Dec. 11 2015

Court of Appeals Issues Decisions

This week, the Court of Appeals issued decisions in two separate cases.

Rhame v. Charleston County

The Court of Appeals issued a decision in Rhame v. Charleston County School in which it held the statute of limitations in a repetitive injury case involving the lower back did not begin to run until the Claimant was so injured that he could no longer perform his job. The Claimant began experiencing intermittent low back pain in 1994-95, and sought medical treatment, which the Commission said started the SOL period running. The Court overturned the Commission’s finding on this point, despite noting evidence in the record that the Claimant was experiencing pain, knew that it came from his job and sought medical treatment, which would satisfy the test set out in King v. Int’l Knife & Saw. Here, the Court said the SOL period did not begin to run until 2009 when the Claimant suffered a back strain that left him unable to work. This case appears to be in conflict with its prior holding in King, which it did not mention at all in this opinion.

Wofford v. City of Spartanburg

The Court of Appeals upheld the Commission’s denial of benefits in the case Wofford v. City of Spartanburg based on the going and coming rule. The Decedent was the Superintendent of Parks and Recreation for the City. As such, he had a great deal of flexibility in his work hours and, although he had an office, worked out of various of the City’s recreation centers. The day of his fatal accident, he had driven from his apartment, in the opposite direction from Spartanburg, to visit his mother and pick up his motorcycle which he kept stored there. He had a couple of brief work-related conversions and texts while there, including one in which he agreed to pick up a key from one Parks and Recreation facility and take it to another. Around 11 a.m., he left his mother’s house and was driving his motorcycle to work when he was involved in an accident that resulted in his death. Claimants argued that his instruction/agreement to pick up the key from one Parks and Recr eation facility and take it to another brought him within either the 1) duty or errand, or 2) special task or mission exception to the going and coming rule. Fully affirming the Commission’s denial of benefits, the Court held that Wofford’s accident did not fall under either exception to the going and coming rule.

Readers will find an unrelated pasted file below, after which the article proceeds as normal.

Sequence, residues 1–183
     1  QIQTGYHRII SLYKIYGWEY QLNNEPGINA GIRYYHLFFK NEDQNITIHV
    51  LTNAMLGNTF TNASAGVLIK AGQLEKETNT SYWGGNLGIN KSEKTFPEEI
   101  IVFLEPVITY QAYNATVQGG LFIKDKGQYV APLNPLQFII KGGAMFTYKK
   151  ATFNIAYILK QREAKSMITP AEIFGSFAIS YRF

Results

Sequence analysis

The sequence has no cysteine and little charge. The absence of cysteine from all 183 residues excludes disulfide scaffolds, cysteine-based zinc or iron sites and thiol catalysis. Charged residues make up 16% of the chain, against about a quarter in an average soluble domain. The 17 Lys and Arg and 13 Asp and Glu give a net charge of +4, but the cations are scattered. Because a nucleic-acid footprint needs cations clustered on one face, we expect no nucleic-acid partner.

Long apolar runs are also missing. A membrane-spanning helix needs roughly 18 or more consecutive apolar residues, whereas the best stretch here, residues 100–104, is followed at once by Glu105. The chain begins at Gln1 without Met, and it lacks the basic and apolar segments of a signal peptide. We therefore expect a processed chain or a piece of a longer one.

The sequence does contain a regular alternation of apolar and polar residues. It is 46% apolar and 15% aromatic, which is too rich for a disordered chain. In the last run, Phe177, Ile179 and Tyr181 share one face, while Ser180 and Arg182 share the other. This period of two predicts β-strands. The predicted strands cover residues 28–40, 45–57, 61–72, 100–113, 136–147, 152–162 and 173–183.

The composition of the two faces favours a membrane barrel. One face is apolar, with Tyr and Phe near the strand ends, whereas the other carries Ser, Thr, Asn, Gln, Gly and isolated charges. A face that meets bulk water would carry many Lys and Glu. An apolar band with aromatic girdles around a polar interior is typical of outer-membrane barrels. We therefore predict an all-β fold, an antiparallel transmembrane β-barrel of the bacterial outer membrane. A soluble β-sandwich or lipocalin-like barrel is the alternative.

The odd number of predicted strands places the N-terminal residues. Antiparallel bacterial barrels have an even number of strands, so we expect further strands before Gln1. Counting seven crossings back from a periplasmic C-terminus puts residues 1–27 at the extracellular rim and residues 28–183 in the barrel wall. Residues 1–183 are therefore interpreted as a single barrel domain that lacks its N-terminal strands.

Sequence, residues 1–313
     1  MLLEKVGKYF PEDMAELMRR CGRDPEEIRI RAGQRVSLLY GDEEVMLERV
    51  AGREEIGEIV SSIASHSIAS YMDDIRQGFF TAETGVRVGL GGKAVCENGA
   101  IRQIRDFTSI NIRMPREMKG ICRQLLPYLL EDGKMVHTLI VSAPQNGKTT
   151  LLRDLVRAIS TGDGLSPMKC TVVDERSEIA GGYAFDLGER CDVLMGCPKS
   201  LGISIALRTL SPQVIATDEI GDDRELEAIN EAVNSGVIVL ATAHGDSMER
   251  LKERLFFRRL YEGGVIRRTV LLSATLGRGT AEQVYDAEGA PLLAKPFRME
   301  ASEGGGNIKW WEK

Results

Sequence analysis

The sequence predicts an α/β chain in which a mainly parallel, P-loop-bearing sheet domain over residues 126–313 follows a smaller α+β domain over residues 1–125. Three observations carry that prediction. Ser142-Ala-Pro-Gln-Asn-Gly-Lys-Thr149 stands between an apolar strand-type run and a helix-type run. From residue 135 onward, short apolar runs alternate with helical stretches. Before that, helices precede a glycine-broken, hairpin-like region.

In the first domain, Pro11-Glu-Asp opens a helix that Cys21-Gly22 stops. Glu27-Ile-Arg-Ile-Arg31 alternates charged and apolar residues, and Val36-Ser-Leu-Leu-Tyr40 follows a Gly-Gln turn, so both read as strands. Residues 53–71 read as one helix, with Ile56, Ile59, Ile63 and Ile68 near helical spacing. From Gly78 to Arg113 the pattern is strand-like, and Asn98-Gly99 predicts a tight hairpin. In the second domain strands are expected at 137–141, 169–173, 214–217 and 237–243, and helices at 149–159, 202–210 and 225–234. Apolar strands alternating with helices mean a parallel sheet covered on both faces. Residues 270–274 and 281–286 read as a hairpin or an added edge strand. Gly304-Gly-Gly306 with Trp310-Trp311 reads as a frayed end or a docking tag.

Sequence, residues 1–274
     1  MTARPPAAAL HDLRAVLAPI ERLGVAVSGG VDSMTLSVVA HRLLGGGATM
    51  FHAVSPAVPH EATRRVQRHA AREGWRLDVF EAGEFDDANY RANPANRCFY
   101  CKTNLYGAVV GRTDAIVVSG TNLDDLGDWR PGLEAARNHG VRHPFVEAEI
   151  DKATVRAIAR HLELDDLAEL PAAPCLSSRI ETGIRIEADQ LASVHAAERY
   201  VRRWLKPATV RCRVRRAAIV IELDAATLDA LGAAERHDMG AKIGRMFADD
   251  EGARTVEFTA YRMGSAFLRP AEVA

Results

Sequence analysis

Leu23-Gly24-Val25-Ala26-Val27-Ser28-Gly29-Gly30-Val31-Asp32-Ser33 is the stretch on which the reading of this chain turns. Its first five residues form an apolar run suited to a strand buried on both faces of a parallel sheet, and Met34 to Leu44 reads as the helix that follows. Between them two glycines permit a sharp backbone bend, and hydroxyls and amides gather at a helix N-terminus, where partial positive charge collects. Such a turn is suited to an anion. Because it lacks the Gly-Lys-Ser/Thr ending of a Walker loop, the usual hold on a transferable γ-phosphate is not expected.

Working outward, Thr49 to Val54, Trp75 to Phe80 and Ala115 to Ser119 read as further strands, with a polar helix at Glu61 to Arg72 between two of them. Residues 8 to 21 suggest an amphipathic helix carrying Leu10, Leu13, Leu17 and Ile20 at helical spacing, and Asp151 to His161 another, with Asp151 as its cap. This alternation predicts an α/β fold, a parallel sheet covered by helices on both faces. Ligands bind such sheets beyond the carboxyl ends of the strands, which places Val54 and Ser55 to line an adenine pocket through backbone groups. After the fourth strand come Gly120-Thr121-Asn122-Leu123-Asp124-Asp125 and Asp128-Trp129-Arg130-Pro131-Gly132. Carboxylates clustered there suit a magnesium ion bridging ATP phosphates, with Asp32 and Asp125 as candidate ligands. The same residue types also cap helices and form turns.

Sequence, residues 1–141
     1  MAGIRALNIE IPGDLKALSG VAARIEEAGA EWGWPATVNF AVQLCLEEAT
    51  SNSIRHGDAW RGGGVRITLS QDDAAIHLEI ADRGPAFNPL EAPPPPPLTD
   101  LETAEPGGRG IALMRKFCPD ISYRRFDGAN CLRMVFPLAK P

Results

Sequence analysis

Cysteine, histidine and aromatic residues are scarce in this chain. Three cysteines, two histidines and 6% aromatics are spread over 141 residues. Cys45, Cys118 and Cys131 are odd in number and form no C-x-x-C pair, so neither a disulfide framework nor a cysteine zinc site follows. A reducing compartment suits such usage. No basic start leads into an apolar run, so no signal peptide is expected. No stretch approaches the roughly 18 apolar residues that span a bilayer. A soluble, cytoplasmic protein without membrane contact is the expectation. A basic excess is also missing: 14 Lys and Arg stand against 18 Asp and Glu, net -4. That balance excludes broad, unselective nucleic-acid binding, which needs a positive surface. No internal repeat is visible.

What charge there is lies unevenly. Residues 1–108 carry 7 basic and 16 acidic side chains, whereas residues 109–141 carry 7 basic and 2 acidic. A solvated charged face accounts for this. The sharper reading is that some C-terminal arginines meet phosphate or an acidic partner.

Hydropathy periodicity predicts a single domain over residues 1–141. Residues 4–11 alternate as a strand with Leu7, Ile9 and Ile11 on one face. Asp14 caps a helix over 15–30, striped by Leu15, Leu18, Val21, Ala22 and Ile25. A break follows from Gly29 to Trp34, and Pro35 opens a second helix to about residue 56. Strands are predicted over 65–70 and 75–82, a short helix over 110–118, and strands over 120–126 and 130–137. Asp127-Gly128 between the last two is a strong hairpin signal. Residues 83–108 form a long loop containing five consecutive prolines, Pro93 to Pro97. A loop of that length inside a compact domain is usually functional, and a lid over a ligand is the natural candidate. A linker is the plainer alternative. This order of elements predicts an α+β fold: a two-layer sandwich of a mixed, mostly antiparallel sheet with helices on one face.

For questions or more information, please contact one of MGC’s attorneys.

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